What is a sin offering?
Question: "What is a sin offering?"
Answer: A sin offering was a sacrifice, made according to the Mosaic Law, which provided atonement for sin. The Hebrew phrase for “sin offering” literally means “fault offering.” The sin offering was made for sins committed in ignorance, or unintentional sins. The ritualistic method of the sin offering and the animal to be offered varied depending on the status of the sinner. For example, a high priest who sinned unintentionally would offer a young bull. A king or a prince would offer a young male goat. People in the private sector would sacrifice a young female goat or lamb, unless they were too poor, in which case they were only required to offer two turtledoves or pigeons. Full details of the sin offering and the requirements associated with it are enumerated in Leviticus 4 and Numbers 15.
Again, the sin offering was sacrificed when a person sinned unintentionally by breaking one of the Lord’s commandments and later realized his guilt (Leviticus 4:27). Sin offerings were also part of the ceremonies on the Day of Atonement, as the high priest made two sin offerings: a bull for himself and a young male goat for the congregation (Leviticus 16:11, 15). Unlike some other offerings, the sin offering was not eaten. The live animal was brought to the altar and the sinner was required to lay his hand on the head of the animal (Leviticus 4:29). Then the animal was killed, at which point the priest would take some of the blood and put it on the horns of the altar (verse 30). In some cases, some of the blood was also sprinkled inside the tabernacle (verses 6 and 17). Then all the rest of the blood was poured at the base of the altar (verse 34). The fat of the sin offering was removed and burned on the altar. But all the rest of the carcass was taken “outside the camp to a place ceremonially clean, where the ashes are thrown,” and there the carcass was burned “in a wood fire on the ash heap” (verse 12). “In this way the priest will make atonement for them for the sin they have committed, and they will be forgiven” (verse 35).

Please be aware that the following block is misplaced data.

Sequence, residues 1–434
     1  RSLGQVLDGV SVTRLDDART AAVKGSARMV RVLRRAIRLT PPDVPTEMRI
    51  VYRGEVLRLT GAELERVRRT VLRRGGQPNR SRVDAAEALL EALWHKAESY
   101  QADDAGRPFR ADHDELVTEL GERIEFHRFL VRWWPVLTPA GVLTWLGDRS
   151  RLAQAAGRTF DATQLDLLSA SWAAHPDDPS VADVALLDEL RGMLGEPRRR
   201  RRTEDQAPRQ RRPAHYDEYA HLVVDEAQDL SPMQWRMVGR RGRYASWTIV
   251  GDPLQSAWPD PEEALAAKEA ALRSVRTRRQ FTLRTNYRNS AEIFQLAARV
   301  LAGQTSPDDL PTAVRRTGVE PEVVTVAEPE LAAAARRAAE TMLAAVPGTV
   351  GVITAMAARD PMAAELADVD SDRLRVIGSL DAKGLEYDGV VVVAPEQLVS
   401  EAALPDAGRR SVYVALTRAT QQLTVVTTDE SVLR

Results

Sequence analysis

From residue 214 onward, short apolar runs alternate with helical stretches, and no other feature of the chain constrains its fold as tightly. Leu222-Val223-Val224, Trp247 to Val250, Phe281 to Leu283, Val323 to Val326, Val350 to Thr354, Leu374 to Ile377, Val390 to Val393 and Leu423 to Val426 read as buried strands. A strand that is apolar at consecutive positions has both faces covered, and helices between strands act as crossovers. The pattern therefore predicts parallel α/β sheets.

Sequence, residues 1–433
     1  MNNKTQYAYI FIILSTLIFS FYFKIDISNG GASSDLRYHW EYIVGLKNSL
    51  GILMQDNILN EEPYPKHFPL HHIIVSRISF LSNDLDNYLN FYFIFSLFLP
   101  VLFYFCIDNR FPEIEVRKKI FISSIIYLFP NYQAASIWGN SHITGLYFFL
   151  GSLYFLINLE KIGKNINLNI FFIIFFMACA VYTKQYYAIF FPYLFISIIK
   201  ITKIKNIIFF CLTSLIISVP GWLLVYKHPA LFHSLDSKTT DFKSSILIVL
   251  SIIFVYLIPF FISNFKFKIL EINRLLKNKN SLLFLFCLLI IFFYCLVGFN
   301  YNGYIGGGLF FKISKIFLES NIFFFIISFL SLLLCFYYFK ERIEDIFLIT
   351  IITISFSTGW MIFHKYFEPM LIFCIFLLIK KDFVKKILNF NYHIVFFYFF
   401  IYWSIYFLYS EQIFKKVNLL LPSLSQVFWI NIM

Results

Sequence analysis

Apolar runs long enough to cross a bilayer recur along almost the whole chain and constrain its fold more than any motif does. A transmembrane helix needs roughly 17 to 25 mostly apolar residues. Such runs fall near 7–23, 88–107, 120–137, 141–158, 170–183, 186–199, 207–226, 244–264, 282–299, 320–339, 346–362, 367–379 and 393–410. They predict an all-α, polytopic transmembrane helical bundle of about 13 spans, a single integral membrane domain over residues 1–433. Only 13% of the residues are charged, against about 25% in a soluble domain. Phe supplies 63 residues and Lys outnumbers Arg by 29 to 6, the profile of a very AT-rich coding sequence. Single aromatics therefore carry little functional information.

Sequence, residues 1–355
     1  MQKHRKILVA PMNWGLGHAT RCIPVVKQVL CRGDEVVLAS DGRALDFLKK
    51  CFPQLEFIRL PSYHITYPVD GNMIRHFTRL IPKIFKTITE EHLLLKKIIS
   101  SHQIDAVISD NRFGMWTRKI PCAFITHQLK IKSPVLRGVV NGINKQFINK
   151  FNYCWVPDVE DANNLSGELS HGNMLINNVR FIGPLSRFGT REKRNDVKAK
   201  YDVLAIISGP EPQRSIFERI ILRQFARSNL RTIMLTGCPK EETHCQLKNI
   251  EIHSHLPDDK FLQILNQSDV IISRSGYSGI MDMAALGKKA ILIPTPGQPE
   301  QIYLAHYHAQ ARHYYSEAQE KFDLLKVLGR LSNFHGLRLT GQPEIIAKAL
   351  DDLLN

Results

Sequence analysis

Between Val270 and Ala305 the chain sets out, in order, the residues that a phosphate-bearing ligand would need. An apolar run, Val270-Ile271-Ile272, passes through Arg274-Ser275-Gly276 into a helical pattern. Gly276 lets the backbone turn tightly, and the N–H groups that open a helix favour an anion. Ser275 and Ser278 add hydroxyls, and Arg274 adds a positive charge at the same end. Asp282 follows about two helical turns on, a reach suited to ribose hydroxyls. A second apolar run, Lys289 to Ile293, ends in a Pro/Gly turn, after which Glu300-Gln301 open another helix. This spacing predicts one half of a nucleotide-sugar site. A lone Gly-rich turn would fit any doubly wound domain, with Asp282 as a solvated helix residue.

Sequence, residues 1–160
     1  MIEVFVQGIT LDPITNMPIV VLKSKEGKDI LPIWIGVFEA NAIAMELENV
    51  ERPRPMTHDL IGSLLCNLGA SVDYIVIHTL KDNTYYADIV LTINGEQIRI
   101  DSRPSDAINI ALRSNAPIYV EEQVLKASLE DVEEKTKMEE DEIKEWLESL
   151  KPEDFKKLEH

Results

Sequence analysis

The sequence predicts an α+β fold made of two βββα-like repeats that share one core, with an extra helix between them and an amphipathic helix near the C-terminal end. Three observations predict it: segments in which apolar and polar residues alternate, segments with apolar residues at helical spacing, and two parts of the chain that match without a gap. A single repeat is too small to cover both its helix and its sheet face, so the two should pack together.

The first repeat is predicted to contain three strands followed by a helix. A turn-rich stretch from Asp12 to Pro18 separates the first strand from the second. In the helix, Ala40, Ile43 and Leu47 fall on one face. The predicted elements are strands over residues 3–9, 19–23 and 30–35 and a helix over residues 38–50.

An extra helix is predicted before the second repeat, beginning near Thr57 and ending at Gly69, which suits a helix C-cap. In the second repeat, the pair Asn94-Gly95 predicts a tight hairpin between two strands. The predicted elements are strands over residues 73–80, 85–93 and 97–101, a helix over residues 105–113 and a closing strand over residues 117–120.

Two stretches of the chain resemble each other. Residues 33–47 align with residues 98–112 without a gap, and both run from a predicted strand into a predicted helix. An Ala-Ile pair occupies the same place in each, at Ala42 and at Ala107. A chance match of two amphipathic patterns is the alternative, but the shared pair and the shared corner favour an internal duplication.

The sin offering was a poignant picture of the sacrifice of Jesus Christ for the sins of the world. He was a “lamb without blemish” (1 Peter 1:19; cf. Leviticus 4:32) whose precious blood was spilled after being publicly slain. Jesus was crucified outside the city of Jerusalem, just as the sin offering was to be burnt outside the camp (Hebrews 13:12; cf. Leviticus 4:12). Just as the sacrificial lamb makes atonement for unintentional sins, Jesus’ blood made atonement for the sin of any person who realizes his guilt before God and asks for that atonement to be applied to him (John 3:16; Ephesians 1:7). “Indeed, under the law almost everything is purified with blood, and without the shedding of blood there is no forgiveness of sins” (Hebrews 9:22).
Every person has broken the Law of God in one way or another, whether we realize it or not. Humanity is sinful, and we are all guilty before God (Romans 3:23). It must have been painful for sinners under the Mosaic Law to slaughter an innocent animal when they knew they were the ones who had done wrong. In the same way, it is painful for us to admit our guilt and to know that the innocent and holy Son of God took the punishment for our sin. But this salvation God has provided, and it is the only way. Jesus said, “I am the way, the truth, and the life. No one comes to the Father except through me” (John 14:6). Praise the Lord that sin offerings are no longer required, because we have been redeemed “with the precious blood of Christ, a lamb without blemish or defect” (1 Peter 1:19).
Recommended Resource: A Biblical Theology of the Old Testament edited by Roy Zuck
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